Recurrent Herpes Simplex: What Are the Possible Interventions?
This short consult is presented by Dr. Eric Stoopler, DMD; Dr. Arthur Kuperstein, DDS; and Dr. Thomas Sollecito, DMD
Peer-reviewed content that appeared in the JCDA OASIS “point of care” searchable database at www.jcdaoasis.ca and in the sixth edition of the print JCDA.
Primary and recurrent infection with herpes simplex virus (HSV-1 and HSV-2) can cause oral and/or genital lesions, although the majority of oral infections are caused by HSV-1. Symptomatic vesicles/ulcers of the oral mucosal tissues generally follow the onset of systemic symptoms and are often accompanied by significant erythema of the gingival tissues (i.e., “primary herpetic gingivostomatitis”). Treatment of primary HSV infections is usually palliative, while the majority of infections resolve within 2 weeks of symptom onset.
When a diagnosis of recurrent herpes simplex labialis (RHL) is determined, you have a range of interventions at your fingertips that are based on frequency and severity of lesions:
- Abortive Therapy: Valacyclovir 2000 mg twice a day for one day or famciclovir 500 mg 2-3 times a day when the patient experiences prodromal symptoms.
- Active Therapy: Acyclovir 400 mg 3 times a day for 5 to 7 days.
- Prophylaxis Therapy: Sunscreen alone (SPF 15 or higher) or acyclovir 400 mg 2-3 times a day or valacyclovir 500 to 2000 mg twice a day.
- Suppressive Therapy: This may be considered for patients with frequent, severe, and disfiguring RHL episodes. Patients should be referred to the appropriate dental or medical specialist for this type of management.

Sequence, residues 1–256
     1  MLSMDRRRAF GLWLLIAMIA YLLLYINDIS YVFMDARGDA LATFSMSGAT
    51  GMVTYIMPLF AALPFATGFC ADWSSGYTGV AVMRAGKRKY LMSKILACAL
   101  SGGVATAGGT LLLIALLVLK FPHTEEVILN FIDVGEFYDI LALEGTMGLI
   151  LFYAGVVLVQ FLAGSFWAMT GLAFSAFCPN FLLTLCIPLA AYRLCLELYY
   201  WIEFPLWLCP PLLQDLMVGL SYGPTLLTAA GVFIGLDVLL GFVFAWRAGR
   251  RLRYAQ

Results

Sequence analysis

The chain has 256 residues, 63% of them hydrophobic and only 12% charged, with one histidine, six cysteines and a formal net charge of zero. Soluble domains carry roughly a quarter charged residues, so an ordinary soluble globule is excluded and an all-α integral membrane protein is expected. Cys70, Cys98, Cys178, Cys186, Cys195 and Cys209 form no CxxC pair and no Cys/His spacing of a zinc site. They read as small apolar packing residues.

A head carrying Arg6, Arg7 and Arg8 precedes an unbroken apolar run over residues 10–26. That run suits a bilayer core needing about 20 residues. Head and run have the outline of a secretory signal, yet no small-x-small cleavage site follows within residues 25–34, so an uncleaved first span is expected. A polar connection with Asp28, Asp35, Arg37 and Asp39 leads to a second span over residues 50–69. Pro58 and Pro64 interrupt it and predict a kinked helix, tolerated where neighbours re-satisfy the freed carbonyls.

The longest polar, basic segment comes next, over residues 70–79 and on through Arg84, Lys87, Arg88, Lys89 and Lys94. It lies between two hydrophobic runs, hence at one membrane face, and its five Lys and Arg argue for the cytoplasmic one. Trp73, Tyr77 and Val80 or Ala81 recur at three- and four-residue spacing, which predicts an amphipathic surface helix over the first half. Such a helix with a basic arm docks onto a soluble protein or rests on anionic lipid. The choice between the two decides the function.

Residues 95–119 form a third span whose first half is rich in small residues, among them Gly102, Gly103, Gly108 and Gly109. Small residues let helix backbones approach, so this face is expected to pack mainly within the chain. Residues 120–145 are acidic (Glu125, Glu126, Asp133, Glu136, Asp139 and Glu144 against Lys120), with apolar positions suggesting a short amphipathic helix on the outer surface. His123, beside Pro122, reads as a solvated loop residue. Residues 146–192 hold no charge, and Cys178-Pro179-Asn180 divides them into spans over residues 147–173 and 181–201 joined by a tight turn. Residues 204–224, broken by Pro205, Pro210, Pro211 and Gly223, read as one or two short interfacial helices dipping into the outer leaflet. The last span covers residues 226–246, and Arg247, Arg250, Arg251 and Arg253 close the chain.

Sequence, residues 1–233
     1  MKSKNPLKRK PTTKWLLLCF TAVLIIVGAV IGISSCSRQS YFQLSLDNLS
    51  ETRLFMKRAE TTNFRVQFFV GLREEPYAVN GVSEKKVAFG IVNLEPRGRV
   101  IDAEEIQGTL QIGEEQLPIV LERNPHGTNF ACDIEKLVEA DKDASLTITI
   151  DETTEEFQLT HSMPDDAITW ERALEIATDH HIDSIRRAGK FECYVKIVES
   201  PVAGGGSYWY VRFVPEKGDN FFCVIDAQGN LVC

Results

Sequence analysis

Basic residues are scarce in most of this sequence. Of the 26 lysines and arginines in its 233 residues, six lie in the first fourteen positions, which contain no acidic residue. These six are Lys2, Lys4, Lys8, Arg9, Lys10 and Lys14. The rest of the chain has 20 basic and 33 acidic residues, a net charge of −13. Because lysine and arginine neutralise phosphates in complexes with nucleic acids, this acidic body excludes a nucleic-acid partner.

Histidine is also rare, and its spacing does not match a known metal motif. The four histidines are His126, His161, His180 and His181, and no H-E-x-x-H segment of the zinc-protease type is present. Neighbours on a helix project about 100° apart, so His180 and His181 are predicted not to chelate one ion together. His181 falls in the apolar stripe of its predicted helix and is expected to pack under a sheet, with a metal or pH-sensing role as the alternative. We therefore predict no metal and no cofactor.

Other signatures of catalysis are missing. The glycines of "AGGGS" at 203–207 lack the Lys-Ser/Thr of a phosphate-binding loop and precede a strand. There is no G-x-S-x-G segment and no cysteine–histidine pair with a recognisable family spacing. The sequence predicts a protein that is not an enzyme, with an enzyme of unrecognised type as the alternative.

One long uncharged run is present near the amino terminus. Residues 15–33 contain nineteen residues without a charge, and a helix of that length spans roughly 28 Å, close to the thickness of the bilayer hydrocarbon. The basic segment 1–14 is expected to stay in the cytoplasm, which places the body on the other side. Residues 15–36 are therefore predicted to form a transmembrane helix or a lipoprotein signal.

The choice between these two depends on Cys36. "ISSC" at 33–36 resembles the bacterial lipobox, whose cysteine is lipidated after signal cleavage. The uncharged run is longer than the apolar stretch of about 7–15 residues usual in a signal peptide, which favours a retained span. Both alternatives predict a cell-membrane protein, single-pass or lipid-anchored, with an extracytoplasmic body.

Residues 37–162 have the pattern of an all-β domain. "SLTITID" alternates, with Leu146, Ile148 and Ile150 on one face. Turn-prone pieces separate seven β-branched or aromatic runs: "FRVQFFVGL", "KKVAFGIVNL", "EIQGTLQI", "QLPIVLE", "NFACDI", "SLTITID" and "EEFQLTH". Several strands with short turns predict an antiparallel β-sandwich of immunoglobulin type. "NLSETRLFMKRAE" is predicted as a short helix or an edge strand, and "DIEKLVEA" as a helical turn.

- RIH: Immunocompromised patients with this condition may require extended courses of systemic antivirals and should be referred to the appropriate dental or medical specialist for this type of management.
- It is unusual for lesions to not respond to typical antiviral agents. However, some lesions may be resistant to typical medications.
- If lesion does not resolve with application of usual medications, further investigation is warranted.
- Elective dental treatment should be deferred for patients with active lesions as aerosolization of the virus may occur during dental procedures, placing both the patient and oral health care provider at risk for possible infection or re-infection.
JCDA-OASIS supports clinical decisions. However, it does not provide medical advice, diagnosis or treatment details. JCDA-OASIS is a rapidly accessible, initial clinical resource—not a complete reference.
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